After Knife of Dreams, there's going to be one more main-sequence Wheel of Time novel, working title A Memory of Light. It may be a 2,000-page hardcover that you'll need a luggage cart and a back brace to get out of the store. (I think I could get Tor to issue them with a shoulder strap embossed with the Tor logo, since I've already forced them to expand the edges of paperback technology to nearly a thousand pages!) Well, it probably won't be that long, but if I'm going to make it a coherent novel it's all got to be in one volume. The major storylines will all be tied up, along with some of the secondary, and even some of the tertiary, but others will be left hanging. I'm doing that deliberately, because I believe it will give the feel of a world that's still out there alive and kicking, with things still going on. I've always hated reaching the end of a trilogy and finding all of the characters', all the country's, all the world's, problems are solved. It's this neat resolution of everything, and that never happens in real life.

    I originally thought I was signing up for a 10 or 15K run, and somewhere along the line I found out it was a marathon. So yes, I would like to cross the finish line on this thing and get on to what's next. I'm not that old, and I've got a lot of writing left. There are two more short prequel novels to be done at some point, but aside from that, I have said I would never write again in this universe unless I get a really great idea—which would have to be an idea that would support two or three of what I call "outrigger" novels, not part of the main storyline. Well, I may have had one! But I'll have to set it aside for a year or two because I've already signed contracts for an unrelated trilogy called Infinity of Heaven, which I'm very excited about. I've been poking that idea around in my head for 10 or 12 years.

    I've also thought about doing a book set during the Vietnam War, but Jim Rigney will probably never write the Vietnam book. If I did, it would be history now, and I decided a long time ago that Rigney was going to be or contemporary fiction, and my name for historical novels is Reagan O'Neill. Maybe Jim Rigney will never become a writer!

    There have been some computer games and comics, and a movie based on The Eye of the World is still in the works (with contracts that allow me a lot of involvement), but nobody else is ever going to write Wheel of Time books. For after I die, I've purchased an insurance policy with a couple of guys who have a kneecap concession in the southeastern United States, and they have rights to expand this concession should it be desired. For a very small fee, they have guaranteed that they will crack the kneecaps of anybody who writes in my universe, and nail them to the floor!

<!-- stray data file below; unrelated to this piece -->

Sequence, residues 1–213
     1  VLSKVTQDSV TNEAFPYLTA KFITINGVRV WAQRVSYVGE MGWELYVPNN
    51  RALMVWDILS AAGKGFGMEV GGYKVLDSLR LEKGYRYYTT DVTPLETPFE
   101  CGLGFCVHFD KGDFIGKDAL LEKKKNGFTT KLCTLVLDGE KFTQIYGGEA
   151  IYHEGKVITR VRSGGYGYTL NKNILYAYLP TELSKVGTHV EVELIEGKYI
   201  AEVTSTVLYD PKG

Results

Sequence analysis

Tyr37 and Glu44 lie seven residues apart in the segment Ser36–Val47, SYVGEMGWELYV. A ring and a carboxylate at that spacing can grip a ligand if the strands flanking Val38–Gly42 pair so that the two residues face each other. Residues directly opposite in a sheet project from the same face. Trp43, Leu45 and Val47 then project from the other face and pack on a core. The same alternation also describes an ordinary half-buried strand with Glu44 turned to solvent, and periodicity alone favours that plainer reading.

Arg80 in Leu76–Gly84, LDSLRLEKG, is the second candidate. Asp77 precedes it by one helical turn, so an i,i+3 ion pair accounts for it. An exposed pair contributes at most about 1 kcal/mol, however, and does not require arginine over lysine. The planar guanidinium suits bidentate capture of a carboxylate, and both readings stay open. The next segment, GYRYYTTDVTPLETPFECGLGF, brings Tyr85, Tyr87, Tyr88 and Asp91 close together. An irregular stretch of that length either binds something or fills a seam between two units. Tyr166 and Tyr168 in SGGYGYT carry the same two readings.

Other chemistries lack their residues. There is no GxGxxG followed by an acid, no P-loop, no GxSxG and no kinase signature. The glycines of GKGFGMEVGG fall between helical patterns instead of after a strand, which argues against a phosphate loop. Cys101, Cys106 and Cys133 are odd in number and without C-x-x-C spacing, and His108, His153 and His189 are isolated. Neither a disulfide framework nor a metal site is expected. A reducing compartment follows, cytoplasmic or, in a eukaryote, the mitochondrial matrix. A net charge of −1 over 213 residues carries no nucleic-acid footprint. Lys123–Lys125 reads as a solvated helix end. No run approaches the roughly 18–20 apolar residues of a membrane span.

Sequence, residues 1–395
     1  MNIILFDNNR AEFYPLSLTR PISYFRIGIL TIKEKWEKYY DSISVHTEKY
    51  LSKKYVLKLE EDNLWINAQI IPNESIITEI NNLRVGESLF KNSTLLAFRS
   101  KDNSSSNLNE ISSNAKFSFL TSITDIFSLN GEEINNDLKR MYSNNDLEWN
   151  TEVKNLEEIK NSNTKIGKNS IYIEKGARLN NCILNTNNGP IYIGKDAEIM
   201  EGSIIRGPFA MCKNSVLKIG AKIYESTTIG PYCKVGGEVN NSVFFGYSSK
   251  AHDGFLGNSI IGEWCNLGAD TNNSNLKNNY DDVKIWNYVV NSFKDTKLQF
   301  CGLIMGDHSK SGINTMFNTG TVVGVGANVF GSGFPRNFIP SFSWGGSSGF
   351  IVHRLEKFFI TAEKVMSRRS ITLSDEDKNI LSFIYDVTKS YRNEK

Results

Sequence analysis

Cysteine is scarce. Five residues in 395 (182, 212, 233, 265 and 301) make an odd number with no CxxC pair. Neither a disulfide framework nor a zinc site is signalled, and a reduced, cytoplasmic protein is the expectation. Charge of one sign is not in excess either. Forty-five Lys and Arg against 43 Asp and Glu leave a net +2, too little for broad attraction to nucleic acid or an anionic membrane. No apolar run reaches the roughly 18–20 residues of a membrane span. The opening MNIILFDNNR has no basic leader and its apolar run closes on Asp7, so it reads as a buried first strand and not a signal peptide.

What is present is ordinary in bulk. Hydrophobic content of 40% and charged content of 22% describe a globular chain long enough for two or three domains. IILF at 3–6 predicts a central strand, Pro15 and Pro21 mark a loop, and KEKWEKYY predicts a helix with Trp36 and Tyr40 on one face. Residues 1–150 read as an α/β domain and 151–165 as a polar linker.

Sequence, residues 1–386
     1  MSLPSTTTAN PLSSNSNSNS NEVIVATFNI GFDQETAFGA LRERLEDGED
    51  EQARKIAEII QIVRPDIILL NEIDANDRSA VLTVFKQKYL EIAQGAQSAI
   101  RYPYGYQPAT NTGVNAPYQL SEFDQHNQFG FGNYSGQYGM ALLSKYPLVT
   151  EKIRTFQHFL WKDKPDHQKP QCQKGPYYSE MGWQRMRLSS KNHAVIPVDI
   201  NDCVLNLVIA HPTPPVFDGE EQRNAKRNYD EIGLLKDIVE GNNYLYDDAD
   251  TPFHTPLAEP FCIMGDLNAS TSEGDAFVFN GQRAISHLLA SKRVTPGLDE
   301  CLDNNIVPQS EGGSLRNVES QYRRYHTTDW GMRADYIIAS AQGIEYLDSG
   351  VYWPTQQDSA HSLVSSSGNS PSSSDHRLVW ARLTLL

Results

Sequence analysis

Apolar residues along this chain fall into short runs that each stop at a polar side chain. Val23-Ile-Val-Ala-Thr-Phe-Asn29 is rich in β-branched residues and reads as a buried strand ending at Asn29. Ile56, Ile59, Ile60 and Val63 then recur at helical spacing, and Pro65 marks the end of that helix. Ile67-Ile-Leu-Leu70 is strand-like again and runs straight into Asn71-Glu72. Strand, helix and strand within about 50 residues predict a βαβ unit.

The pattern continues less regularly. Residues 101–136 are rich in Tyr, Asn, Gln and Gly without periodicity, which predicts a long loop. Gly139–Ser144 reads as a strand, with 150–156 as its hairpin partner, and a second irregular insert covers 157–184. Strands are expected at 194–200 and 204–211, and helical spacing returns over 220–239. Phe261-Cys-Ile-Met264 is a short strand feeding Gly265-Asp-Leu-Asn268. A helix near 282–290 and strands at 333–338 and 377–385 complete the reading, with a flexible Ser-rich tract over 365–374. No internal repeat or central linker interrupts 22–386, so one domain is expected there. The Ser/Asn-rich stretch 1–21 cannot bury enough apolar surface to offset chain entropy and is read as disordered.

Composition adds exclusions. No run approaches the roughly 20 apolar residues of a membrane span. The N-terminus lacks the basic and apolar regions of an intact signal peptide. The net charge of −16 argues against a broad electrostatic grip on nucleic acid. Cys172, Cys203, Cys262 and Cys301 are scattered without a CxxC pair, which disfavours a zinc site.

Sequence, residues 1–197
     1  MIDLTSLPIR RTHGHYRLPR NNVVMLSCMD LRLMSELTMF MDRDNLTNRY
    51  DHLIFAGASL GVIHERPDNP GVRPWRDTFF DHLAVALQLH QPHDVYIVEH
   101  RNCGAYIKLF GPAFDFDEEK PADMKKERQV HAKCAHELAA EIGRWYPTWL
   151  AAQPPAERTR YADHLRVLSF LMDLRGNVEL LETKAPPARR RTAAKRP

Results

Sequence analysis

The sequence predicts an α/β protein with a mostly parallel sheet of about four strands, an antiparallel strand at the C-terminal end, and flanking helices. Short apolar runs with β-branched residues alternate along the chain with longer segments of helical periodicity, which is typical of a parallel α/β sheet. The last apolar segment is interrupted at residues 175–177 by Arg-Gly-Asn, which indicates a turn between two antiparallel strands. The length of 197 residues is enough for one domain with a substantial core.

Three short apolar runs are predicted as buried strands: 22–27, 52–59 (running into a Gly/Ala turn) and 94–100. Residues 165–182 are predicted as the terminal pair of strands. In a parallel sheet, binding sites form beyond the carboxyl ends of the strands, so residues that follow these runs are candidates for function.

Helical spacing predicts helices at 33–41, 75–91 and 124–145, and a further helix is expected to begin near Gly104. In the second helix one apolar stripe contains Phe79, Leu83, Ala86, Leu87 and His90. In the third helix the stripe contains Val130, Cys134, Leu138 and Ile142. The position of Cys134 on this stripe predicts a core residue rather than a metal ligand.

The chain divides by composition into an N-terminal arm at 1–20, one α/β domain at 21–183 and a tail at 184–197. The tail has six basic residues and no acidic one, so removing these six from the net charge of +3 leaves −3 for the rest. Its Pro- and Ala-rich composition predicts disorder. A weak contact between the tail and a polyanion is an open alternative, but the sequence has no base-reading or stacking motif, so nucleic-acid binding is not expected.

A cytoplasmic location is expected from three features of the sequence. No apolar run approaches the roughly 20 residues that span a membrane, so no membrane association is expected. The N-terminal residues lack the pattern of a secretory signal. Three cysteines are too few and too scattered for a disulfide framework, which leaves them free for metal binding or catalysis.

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  • 138

    Interview: Jun 20th, 2009

    Andrew the Great

    Will you write any other WoT Books after the series is finished?

    Brandon Sanderson (paraphrased)

    That depends on a lot of things. First of all, if Harriet wants them written. Second, if Brandon feels that they are being written for the right reasons. He would consider writing the Prequels and outriggers if and only if he felt they were being written to complete and enhance the story. If on the other hand he feels like they are just continuing the WoT Franchise, then no. He also said he wouldn't write anything other than the prequels and outriggers no matter what.

    Footnote

    Brandon and Harriet have since decided that the prequels and outriggers will not be written.

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  • 139

    Interview: Jan 10th, 2013

    NutiketAiel

    Brandon Sanderson

    When asked about the Wheel of Time prequels, Brandon reiterated that there was about a "one billionth of one percent chance" of them ever being written. He said that the first prequel would have been about Tam going to war, and would have been in parallel with the story of Rand’s biological parents. The second would have been the further adventures of Moiraine and Lan, including their encounter with the Green Man.

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  • 140

    Interview: Mar 21st, 2014

    Question

    Do you think you're going to write in the Wheel of Time world at all?

    Brandon Sanderson

    It's unlikely that I'll ever do any more Wheel of Time books. I don't think that Robert Jordan would want it to keep going.

    Question

    What about your Steelheart, how many—?

    Brandon Sanderson

    That is a trilogy. I've finished the second book and turned it in, then one more left to do, and then it'll be done.

    Question

    Final and kaput? No multiple trilogies?

    Brandon Sanderson

    Hmm ... you know, I could see ... but I have no plans right now to do any more. I have my next YA book that I've already got planned what I'm going to do.

    Question

    The Rithmatist, how many in that series?

    Brandon Sanderson

    That's also three.